Sutuff to think about (or not)

I’m surprised that psychologists or psycholinguists (are there such people, those who bludgeon you to death with words?) haven’t studied – at least as I’ve read – “waiter/ress-speak” (and for crap sake don’t call them “servers”; a server is a piece of electronic shunting equipment). Such job-related argo reflects the changes in values and temperament of society far more accurately than the sonorous piffling of TV “experts,” solidified inside their plaster personae.

Examples for consideration:

• When did “let me get that out of your way” become a universal comment made while hauling your plate from the table, though that plate is causing you, the eater, no physical or psychic discomfort?

• Aren’t you tempted, when your waitress asks, “Is everything OK?” to answer, “The meal and service are excellent, but the world at large is a gigantic crap heap”?

• Why did restaurateurs decide that we should know our “server’s” name? I guess it’s to make the “experience” more personal, but I find it an intrusion assumption. Years back, the anonymous waitress greeted you with a simple, “What would you like to drink?” or better yet, “Hi, hon, what can I getcha?” then left you alone to eat, except to check if you wanted anything else. Now, as they present or remove your dish, they describe their every move, as though you couldn’t conceivably understand why they were removing your salad dish.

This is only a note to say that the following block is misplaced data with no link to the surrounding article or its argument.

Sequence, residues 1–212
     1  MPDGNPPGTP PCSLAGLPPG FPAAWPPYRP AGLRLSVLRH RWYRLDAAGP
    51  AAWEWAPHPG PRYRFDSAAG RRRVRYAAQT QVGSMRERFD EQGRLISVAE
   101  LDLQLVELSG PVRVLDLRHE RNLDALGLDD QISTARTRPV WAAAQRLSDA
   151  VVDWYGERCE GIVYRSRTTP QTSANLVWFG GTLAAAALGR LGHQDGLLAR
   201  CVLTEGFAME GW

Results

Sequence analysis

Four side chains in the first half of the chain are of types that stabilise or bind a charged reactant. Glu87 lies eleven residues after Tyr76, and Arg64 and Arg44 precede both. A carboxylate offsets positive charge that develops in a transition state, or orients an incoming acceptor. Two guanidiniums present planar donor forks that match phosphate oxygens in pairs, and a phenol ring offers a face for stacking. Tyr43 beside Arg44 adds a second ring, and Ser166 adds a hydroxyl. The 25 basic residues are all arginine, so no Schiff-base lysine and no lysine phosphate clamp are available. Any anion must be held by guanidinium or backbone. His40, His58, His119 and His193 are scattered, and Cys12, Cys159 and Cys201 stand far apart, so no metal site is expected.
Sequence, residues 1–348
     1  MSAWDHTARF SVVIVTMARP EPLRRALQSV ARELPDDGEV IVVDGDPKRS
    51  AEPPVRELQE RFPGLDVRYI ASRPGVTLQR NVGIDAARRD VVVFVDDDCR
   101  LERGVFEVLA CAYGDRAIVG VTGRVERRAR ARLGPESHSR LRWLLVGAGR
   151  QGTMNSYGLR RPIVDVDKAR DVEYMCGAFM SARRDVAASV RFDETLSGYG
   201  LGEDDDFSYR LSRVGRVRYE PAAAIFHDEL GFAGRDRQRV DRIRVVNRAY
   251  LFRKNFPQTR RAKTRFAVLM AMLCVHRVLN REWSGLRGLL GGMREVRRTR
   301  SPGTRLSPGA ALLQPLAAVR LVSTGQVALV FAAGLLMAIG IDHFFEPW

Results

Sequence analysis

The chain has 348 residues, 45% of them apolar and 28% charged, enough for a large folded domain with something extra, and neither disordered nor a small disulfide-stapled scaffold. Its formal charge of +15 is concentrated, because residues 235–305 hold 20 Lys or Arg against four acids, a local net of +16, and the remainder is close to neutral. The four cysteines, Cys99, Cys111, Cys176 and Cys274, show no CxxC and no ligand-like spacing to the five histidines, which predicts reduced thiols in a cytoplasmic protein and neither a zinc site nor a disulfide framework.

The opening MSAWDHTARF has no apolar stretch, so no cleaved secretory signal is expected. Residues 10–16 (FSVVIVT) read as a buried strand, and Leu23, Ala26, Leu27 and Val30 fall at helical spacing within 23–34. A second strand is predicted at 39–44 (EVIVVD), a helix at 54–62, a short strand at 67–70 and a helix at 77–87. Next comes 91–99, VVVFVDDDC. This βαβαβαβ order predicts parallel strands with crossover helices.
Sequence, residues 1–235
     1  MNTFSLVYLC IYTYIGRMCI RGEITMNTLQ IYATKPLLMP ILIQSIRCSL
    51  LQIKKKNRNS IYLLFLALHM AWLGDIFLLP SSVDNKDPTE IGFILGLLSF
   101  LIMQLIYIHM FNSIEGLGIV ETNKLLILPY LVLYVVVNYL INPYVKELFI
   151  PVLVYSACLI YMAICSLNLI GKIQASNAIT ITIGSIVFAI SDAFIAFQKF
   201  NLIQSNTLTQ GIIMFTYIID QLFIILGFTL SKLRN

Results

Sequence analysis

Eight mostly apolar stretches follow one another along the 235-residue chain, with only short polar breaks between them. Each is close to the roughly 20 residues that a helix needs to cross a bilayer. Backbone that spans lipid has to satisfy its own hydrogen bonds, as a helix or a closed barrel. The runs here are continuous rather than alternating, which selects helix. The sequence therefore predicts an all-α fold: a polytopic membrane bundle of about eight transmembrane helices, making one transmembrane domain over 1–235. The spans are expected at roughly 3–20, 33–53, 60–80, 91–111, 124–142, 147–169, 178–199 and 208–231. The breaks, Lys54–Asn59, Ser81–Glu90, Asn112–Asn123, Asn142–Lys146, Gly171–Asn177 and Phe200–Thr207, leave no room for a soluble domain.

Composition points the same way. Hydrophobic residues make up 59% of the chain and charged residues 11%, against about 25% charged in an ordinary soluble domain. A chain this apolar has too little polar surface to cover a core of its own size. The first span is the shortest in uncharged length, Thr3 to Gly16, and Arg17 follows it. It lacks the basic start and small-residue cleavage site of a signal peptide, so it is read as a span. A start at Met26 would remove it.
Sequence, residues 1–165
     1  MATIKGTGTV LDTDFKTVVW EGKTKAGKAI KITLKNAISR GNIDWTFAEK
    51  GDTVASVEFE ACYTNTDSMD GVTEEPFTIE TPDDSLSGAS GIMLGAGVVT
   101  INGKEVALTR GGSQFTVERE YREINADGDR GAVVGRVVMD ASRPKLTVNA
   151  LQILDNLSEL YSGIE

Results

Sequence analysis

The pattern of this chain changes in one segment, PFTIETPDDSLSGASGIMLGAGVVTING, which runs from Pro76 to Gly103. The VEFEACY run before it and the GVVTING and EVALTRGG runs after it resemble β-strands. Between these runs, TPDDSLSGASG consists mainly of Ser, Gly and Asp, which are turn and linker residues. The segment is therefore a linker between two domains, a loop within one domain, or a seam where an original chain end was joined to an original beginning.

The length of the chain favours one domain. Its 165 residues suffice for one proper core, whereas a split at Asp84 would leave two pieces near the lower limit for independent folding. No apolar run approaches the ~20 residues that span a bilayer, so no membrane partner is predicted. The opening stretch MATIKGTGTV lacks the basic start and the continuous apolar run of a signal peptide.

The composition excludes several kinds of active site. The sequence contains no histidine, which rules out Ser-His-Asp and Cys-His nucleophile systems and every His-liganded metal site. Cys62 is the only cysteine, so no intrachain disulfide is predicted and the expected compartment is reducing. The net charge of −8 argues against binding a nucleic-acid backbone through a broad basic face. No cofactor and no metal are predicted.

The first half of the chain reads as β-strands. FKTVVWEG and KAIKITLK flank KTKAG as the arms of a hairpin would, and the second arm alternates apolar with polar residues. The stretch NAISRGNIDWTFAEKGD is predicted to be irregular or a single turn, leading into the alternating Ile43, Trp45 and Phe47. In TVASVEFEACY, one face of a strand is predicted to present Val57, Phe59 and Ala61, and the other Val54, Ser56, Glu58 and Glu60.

This kind of social language change has been accelerated of late through social media, but it has always happened through simple societal drift. My question is, what triggers such changes? Do changes in the verbal behavior of provider groups – waiters, cashiers, train conductors – reflect top-down imposition by overlords, or sideways assimilation from peers? Or some independent form of social evolution?

Street argot has always been peculiar to time and place, but I’m talking about those easy, repetitious give-and-take situations:

How rapidly do small, empty bits of phrase get passed along as if they have meaning?

Do they spring from a real need or what a society at the moment thinks people want to hear?

Austrian author Robert Musil, writing in the 1920s and ’30s, set his monumental four-volume novel The Man Without Qualities in 1913. One section, in English translation “The Like of It Now Happens,” suggests that all of modern life (at least by 1913) had become a reality show: We live less by personal development and expression than as a reflection of what we believe reality to be, dictated by the complex of noise surrounding us.